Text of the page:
Determination of Encapsulation Efficiency

The extruded liposomal samples were centrifuged at 3,000 rpm (Eppendorf 3340R, Germany) at 4°C to pelletize the unencapsulated drug. The supernatant was centrifuged at 10,000 rpm to pelletize the drug loaded liposomes [38]. The pellet was then treated with 1% Triton X-100 (Sigma-Aldrich, USA) to disrupt the liposomes. The sample was centrifuged at 3000 rpm again to pelletize the drug alone. The supernatant was removed and the pellet was resuspended and the concentration of the encapsulated drug was measured as absorbance at 284 nm using UV-visible spectrophotometer (Lambda 25, Perkin Elmer, USA). The absorbance was converted into drug concentration using a standard curve.

The encapsulation efficiency was calculated as:

All experiments were carried out in triplicate.

Release Kinetics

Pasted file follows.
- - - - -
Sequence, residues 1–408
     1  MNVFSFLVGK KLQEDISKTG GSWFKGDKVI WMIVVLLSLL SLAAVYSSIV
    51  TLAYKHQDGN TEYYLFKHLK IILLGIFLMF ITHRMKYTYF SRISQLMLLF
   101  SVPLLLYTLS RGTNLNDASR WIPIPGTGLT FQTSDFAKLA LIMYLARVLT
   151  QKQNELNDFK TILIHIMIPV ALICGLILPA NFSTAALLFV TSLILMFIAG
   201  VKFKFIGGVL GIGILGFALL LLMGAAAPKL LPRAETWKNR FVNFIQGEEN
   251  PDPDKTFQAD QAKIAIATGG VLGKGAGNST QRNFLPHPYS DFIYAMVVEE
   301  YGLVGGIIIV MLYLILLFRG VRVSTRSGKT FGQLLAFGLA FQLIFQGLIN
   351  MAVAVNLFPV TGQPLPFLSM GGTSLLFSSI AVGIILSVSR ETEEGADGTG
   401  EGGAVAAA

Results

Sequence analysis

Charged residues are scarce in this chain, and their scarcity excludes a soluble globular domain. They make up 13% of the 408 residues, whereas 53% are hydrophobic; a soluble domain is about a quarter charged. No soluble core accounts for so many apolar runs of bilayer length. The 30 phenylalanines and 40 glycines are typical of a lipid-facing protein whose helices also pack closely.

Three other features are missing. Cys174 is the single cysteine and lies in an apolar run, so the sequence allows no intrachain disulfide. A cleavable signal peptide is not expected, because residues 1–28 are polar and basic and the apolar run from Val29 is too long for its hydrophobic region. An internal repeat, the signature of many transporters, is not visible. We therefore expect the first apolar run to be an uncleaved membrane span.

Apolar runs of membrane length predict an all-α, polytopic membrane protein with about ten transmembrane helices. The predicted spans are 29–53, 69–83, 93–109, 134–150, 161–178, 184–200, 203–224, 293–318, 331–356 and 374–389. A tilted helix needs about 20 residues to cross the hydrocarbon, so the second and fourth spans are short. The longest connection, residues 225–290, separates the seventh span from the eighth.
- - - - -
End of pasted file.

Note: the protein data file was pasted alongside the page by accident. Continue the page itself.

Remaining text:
Dialysis bags (Dialysis membrane 110, Hi Media, India) were immersed in water for one hour to remove the preservatives followed by rinsing in phosphate buffered saline (PBS) solution. The drug encapsulated liposomes were placed in PBS and loaded in the dialysis bag. The bag was sealed at both the ends and immersed in 4 mL of PBS with 10% methanol [39]. The release of the drug was evaluated at three different pH values (1.2, 7.4 and 9.0). A pH of 1.2 was maintained using 0.1 M HCl -KCl buffer while pH 9.0 was maintained using 0.1 M phosphate buffer. In order to evaluate the influence of proteins on the release of nevirapine from the liposomes, Dulbecco's Modified Eagle's Medium (DMEM, HiMedia, India) supplemented with 10% fetal bovine serum (FBS, HiMedia, India) was used as the release medium. The effect of ultrasound on the release profile of the drug from the liposomes was studied in PBS (pH 7.4) as the release medium. Low frequency ultrasound (20 KHz) was applied using a bath sonicator (UT 002, ABM, India) for the entire duration of the release study. For all drug release studies, 4 ml of the release medium was withdrawn for analysis at different time intervals (0-25 hours) and replaced with 4 mL of fresh medium. The amount of drug released was measured as absorbance using a UV-visible spectrophotometer (Lambda 25, Perkin Elmer, USA). The absorbance was converted into percentage release using a standard curve.